United States: Largely has a favourable stance towards cryptos, especially Bitcoin. In February, Mastercard said that it would allow cardholders to transact in certain cryptocurrencies. Bank of New York Mellon also announced its intention of recognising cryptos. Elon Musk-owned Tesla too jumped on the blockchain train and invested $1.5 billion in Bitcoin. Besides this Microsoft Store, Subway receive payments in Bitcoin.
United Kingdom: The government has a favourable stance towards Bitcoin. The digital cryptocurrency falls under tax regulations.
UAE: A report on Gulf News says a Bitcoin-focussed fund will list on Nasdaq Dubai, making it the first digital asset fund to do so in the Middle East. The ‘Bitcoin Fund’ comes from 3iQ Digital Asset Management, which received the final clearances from DFSA (Dubai Financial Services Authority) and regulator of Nasdaq Dubai. The Fintech Times quoted the Middle East Institute saying with regards to blockchain, cryptos may see growth in UAE, Saudi Arabia and Bahrain.
Canada: Favourable stance towards Bitcoin. Recently, Canada’s financial regulator approved a Bitcoin exchange-traded fund. In the country, Bitcoin exchanges are considered to be money service businesses.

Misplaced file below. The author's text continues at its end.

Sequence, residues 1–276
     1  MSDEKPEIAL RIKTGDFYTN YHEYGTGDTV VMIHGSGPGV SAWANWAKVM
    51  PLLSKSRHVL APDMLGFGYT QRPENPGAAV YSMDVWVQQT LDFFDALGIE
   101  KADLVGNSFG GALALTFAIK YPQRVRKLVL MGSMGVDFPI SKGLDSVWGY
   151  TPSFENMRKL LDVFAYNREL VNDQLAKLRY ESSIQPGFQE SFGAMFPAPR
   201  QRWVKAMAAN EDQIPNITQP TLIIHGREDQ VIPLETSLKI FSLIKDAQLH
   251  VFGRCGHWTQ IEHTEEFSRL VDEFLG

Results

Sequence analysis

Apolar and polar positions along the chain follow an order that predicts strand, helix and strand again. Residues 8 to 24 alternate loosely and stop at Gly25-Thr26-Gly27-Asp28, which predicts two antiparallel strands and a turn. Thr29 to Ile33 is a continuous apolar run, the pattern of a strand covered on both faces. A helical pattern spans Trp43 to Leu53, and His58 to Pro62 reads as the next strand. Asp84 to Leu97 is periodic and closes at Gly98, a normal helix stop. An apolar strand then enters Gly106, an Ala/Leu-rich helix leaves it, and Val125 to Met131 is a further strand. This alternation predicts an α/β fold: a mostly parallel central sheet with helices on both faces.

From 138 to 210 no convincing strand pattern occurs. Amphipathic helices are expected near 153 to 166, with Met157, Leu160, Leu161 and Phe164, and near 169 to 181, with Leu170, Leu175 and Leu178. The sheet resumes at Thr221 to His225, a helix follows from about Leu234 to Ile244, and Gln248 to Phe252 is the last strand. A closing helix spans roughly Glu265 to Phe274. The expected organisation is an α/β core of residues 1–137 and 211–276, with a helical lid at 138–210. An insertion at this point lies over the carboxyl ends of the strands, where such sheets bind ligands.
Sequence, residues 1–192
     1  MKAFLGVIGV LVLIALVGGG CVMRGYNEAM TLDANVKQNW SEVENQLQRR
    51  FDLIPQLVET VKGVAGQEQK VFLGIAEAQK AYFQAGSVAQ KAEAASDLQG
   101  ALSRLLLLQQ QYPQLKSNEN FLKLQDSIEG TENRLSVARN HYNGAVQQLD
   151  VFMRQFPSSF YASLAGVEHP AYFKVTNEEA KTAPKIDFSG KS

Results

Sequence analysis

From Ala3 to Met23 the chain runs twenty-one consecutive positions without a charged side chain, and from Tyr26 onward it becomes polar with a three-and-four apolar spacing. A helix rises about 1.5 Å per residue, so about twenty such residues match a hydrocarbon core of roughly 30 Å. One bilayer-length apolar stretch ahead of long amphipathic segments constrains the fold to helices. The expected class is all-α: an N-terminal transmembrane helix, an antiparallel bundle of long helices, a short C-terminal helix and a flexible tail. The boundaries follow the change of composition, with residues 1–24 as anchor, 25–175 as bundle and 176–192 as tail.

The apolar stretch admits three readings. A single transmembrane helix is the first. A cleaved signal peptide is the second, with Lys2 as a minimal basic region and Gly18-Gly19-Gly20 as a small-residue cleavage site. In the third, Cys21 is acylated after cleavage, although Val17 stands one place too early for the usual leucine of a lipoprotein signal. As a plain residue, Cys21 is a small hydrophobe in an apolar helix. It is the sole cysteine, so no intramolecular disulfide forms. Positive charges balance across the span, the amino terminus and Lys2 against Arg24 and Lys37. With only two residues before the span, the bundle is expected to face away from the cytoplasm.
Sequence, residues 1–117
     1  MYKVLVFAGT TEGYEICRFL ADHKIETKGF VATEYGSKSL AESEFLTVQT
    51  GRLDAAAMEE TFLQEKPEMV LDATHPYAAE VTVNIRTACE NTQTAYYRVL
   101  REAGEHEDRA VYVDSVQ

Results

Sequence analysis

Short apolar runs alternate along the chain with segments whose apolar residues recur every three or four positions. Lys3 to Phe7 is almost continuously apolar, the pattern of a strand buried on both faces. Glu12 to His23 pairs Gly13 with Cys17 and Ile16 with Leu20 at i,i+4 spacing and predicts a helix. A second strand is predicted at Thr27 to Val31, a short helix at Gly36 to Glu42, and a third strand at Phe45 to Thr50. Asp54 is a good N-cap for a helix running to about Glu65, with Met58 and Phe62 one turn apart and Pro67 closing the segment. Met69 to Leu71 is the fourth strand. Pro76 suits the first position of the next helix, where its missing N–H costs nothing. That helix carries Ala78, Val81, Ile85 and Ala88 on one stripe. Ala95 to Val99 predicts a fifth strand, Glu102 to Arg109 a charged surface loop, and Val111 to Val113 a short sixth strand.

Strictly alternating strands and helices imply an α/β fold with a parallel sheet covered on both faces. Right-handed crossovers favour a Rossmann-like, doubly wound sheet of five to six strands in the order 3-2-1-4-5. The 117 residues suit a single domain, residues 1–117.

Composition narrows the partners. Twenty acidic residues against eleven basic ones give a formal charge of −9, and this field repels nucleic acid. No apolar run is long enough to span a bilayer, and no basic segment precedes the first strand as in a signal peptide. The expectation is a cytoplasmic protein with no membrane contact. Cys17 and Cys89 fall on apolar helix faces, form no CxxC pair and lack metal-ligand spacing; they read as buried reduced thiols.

Germany: Bitcoin is considered legal, although the tax rules vary for exchanges, enterprises, miners and users.
Australia: Cryptocurrencies and exchanges are legal in Australia. In 2017, the government had specifically stated that Bitcoin should be treated as property, and was subject to capital gains tax.
Russia: Payments with cryptocurrencies for goods and services is illegal.
China: The banking system of China has a strict policy against cryptocurrencies. Bitcoin is not recognised as legal tender, and therefore, all financial institutions such as payment processors are not allowed to deal in it.
Japan: Japan has had relatively lenient cryptocurrency policies and considers Bitcoin as a form of currency. However, cryptos have recently faced increased scrutiny over exchanges’ cybersecurity, AML, and anti-fraud policies after a series of hacks.
Singapore: This city-state has a favourable outlook towards cryptos and has indicated it may issue its cryptocurrency in the future.
Cryptocurrency enthusiasts and traders have to brace themselves for increased regulatory inspections into ICO exchanges, trading platforms, etc. and continuously upgrade their tech.